Paul Rudolph’s Burroughs Wellcome Company headquarters building in Durham, North Carolina, is at risk of being torn down, a development first shared on social media late yesterday afternoon in tweets from design critic Alexandra Lange and modern architecture conservation nonprofit Docomomo US. The latter noted “troubling” news of a demolition permit for what remains of the original 300,000 square foot Research Triangle Park complex.
“Burroughs Wellcome is a significant design of architecture that rises to the level of exceptional. There is absolutely nothing else like it and it would be devastating to Paul Rudolph’s canon of built works to lose it,” said Liz Waytkus, executive director of Docomomo US, when reached for comment. “While Rudolph’s homes continue to be highly valued, many of his civic and commercial designs have been severely compromised, threatened and destroyed. Docomomo US has advocated for years if not decades for the preservation of many of his major projects and we are frustrated as to what it will take for this country to recognize this true American Master of modernism.”
Kelvin Dickinson, president and CEO of the Manhattan-based Paul Rudolph Heritage Foundation, provided further insight into the situation, telling AN that what was originally suspected/hoped to be an asbestos abatement-related undertaking at the building (a photo-snapping tipster noticed construction activity underway this past weekend, which sparked the initial concern and set the preservation red alert into motion) has turned out to be site prep for a full demolition, which is slated to take place by the end of the year. The demolition permit was issued on September 4.
Dickinson also shared with AN a 49-page Historic American Buildings Survey report completed by the National Park Service in 2018 with input from the building’s current owner, biotech company United Therapeutics.
“Nobody was aware that this happening until someone happened to take a picture of the building and say ‘I think there’s a problem,’” said Dickinson.
As Dickinson explained, the first course of action in the urgent push to save this iconic work by Rudolph is simply sharing the news of the imminent demolition far and wide. “Our first step is to get the word out that this building exists, why it’s important, and where you might have seen it before,” he said. “The building has a very storied past—there’s a lot of people that know the building but don’t know that it’s still around and under threat.”
“We’re also working with Preservation North Carolina and Docomomo while trying to get the word out through the media and our social media accounts as much as possible,” he added.
Dedicated in 1972 as the new North American corporate home of London-founded pharmaceutical giant Burroughs Wellcome & Company (previously located in Westchester County, New York), the building, which was expanded in 1986 with an annex also designed by Rudolph, was renamed in 1988 in tribute to Nobel Prize-winning Burroughs Wellcome scientists Gertrude Elion and George Hitchings. Perhaps the most famous pharmaceutical breakthrough made during this particularly busy era at the facility was that of azidothymidine (AZT), the antiretroviral medication used in the treatment of HIV/AIDS. As such, demonstrations were staged at the building by ACT UP in protest of the drug’s exorbitant cost.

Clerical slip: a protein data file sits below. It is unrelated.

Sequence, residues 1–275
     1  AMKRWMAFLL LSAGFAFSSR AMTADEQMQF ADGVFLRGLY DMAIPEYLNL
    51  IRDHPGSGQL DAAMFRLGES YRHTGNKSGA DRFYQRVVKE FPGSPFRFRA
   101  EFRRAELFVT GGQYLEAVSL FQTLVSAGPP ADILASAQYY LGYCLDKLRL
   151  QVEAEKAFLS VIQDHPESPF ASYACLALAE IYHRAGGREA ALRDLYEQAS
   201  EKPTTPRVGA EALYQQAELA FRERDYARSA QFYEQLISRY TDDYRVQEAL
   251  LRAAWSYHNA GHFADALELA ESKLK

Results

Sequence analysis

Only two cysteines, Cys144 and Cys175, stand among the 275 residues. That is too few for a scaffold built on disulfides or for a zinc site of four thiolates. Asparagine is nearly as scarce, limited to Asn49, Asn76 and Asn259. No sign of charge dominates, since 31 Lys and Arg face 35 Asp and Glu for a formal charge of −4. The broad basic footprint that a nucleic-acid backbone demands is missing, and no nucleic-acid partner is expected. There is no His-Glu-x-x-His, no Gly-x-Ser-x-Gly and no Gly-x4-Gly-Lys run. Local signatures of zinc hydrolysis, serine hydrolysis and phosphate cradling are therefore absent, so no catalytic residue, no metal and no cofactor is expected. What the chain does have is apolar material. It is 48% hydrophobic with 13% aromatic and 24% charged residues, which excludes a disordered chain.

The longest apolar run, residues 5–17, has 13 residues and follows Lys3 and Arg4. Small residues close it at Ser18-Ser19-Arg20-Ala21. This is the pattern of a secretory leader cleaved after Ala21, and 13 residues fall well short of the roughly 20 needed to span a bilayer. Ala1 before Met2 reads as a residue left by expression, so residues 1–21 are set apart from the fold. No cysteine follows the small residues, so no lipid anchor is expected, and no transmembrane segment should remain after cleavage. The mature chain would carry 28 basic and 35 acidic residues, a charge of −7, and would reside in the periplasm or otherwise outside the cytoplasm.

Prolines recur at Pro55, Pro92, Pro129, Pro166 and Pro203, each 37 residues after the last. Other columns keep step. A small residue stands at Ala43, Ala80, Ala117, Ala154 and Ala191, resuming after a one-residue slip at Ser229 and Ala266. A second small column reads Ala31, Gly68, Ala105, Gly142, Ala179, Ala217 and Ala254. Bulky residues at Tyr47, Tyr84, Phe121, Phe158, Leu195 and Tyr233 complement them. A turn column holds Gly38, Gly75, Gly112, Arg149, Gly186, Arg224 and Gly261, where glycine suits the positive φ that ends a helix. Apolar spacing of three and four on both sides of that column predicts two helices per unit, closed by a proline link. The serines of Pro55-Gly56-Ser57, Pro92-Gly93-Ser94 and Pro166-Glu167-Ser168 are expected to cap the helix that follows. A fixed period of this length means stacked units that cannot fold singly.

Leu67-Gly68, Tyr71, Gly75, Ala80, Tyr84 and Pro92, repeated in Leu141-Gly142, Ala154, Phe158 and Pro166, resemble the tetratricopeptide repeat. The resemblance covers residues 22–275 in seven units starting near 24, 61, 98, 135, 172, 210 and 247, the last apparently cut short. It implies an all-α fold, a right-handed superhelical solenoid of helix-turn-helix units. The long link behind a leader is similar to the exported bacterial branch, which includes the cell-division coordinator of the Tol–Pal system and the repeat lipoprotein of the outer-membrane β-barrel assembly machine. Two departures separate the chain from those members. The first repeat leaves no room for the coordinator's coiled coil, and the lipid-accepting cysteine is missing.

Following a corporate merger in the mid-1990s, it then became known as the GlaxoSmithKline Building although both previous names had already largely stuck. Colloquially, it’s often referred to as the “spaceship building,” and, yes, it’s been featured prominently in at least one science-fiction film.
In 2014, United Therapeutics, which purchased the property in 2012 after it was put up for sale two years prior, demolished portions of the sprawling, S-shaped building that includes a multitude of laboratories, administrative space, and an auditorium. The Paul Rudolph Heritage Foundation describes the building’s singular structure as “an eccentrically loaded trapezoidal steel frame with columns inclined at 22.5 degrees.” One of the most notable features of the building are the hexagonal pod elements extending from the main volume.
“The building is conceived as a man-made extension of the ridge upon which it is built. The building is terraced, each floor being smaller than the one below it. Its placement allows people to enter from below walking through a courtyard and porch into the lobby,” Rudolph said during the building’s 1972 dedication ceremony.
Although Maryland-headquartered United Therapeutics had pledged to carry out rehabilitation work within parts of the building not demolished in 2014 (it did make good by opening the building for rare tours), it has sat largely disused and abandoned in recent years with visible signs of neglect showing on its famously segmented exterior. As pointed out by Dickinson, no evidence of restoration work or the company’s larger intention to save/reuse the building has publicly come to light. “I’ve been told they’ve put a lot of energy into it but I’ve yet to see any of the documentation, and I’ve asked for it,” he said. “That obviously would be a big deal if they could share that with us.”
Sadly, the Burroughs-Wellcome Company Headquarters is not the only Rudolph-designed building that is currently endangered with the fates of the Niagara Falls Library and the Charles F. Hurley Building at Boston’s Government Services Center also hanging in the balance.